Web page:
> Mar  9 20:14:03 kernel: [71401.480304] [UFW BLOCK] IN=tun0 OUT= MAC= SRC=10.28.82.105 DST=192.168.0.195 LEN=1250 TOS=0x00 PREC=0x00 TTL=120 ID=48160 DF PROTO=TCP SPT=80 DPT=53754 WINDOW=235 RES=0x00 ACK URGP=0 
> Mar  9 20:14:18 kernel: [71416.575237] [UFW BLOCK] IN=tun0 OUT= MAC= SRC=10.28.82.105 DST=192.168.0.195 LEN=52 TOS=0x00 PREC=0x00 TTL=120 ID=48252 DF PROTO=TCP SPT=80 DPT=53754 WINDOW=235 RES=0x00 ACK URGP=0 
> Mar  9 20:14:18 kernel: [71416.777021] [UFW BLOCK] IN=tun0 OUT= MAC= SRC=10.28.82.105 DST=192.168.0.195 LEN=64 TOS=0x00 PREC=0x00 TTL=120 ID=48253 DF PROTO=TCP SPT=80 DPT=53754 WINDOW=235 RES=0x00 ACK URGP=0 
> Mar  9 20:14:18 kernel: [71417.019399] [UFW BLOCK] IN=tun0 OUT= MAC= SRC=10.28.82.105 DST=192.168.0.195 LEN=64 TOS=0x00 PREC=0x00 TTL=120 ID=48254 DF PROTO=TCP SPT=80 DPT=53754 WINDOW=235 RES=0x00 ACK URGP=0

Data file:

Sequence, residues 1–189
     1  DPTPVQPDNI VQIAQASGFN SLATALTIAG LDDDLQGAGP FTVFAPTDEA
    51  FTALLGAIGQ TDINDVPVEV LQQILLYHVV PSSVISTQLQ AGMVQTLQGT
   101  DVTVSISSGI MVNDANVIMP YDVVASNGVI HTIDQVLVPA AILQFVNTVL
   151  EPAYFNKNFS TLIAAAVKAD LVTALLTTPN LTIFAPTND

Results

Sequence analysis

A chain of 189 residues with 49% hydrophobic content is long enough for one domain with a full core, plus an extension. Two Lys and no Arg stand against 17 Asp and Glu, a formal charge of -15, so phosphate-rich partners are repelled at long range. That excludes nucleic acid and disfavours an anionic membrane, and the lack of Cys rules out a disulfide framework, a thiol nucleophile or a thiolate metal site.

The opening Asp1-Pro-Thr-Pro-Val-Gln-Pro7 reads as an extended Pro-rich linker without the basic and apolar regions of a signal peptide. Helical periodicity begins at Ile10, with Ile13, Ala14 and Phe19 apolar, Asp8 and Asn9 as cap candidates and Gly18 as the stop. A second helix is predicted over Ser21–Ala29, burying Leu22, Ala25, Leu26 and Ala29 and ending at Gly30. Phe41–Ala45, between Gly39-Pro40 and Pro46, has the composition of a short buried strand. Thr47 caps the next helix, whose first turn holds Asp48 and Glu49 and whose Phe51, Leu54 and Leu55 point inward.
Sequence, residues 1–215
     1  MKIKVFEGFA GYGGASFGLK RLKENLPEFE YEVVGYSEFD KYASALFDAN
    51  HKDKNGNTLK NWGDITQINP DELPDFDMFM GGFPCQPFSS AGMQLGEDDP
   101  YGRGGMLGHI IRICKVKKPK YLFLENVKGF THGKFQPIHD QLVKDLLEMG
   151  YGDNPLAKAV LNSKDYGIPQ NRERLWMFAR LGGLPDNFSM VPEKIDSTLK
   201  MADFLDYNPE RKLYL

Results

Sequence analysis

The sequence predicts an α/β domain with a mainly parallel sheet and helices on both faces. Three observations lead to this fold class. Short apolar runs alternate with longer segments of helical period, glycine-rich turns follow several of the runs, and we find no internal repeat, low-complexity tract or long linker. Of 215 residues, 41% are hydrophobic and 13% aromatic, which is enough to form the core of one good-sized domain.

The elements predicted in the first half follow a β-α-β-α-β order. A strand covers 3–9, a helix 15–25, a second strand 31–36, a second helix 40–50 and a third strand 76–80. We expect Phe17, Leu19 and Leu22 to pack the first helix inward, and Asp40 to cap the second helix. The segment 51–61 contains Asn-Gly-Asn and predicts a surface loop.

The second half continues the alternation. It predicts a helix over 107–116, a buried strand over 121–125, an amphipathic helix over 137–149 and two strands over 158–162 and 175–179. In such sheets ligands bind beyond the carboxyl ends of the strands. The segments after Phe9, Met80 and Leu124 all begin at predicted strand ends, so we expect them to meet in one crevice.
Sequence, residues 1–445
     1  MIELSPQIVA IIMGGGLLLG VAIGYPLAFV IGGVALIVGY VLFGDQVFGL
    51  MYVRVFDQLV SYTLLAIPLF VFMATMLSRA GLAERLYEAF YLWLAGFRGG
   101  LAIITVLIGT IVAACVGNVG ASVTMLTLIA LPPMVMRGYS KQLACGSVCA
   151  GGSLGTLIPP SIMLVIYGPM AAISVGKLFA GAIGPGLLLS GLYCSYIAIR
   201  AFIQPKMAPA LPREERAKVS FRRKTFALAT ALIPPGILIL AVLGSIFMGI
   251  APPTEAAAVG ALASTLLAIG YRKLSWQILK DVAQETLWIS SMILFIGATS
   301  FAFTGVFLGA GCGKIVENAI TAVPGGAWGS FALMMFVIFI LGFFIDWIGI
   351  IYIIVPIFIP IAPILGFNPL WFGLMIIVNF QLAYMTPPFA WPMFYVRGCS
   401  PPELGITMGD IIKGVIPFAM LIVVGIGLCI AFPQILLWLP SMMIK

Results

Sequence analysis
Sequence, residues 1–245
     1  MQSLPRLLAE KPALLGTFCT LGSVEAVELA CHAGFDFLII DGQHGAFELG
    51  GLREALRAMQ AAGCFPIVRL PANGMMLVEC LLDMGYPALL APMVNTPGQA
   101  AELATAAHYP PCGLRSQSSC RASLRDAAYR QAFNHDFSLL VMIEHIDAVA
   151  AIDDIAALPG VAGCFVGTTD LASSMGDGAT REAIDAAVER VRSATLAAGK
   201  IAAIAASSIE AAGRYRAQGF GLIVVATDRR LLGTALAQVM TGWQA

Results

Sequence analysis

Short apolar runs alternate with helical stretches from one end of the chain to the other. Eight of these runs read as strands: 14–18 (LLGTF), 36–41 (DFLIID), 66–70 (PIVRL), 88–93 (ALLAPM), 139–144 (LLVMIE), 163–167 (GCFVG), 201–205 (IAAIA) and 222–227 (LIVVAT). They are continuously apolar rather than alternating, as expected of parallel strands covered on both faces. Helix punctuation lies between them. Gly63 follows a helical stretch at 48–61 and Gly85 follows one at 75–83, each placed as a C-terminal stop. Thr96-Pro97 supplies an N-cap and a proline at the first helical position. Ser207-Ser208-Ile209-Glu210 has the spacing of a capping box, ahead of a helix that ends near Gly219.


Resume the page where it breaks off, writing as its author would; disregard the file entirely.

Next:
> Mar  9 20:14:19 kernel: [71417.526725] [UFW BLOCK] IN=tun0 OUT= MAC= SRC=10.28.82.105 DST=192.168.0.195 LEN=64 TOS=0x00 PREC=0x00 TTL=120 ID=48255 DF PROTO=TCP SPT=80 DPT=53754 WINDOW=235 RES=0x00 ACK URGP=0 
> 
> Yeah, spot on. Thanks. Will stare accusingly at nf_conntrack, and
> perhaps also at the server side which is sending the later sequence
> numbers and presumably confusing it.
> 

There were cases in the past of busted middle boxes that ignored TCP window scaling.

These were boxes based on old (buggy) version of FreeBSD firewall code that did
not remember the window scaling from the handshake and would then see packets as
out of window.

You could try turning TCP window scaling off to see if that changes it.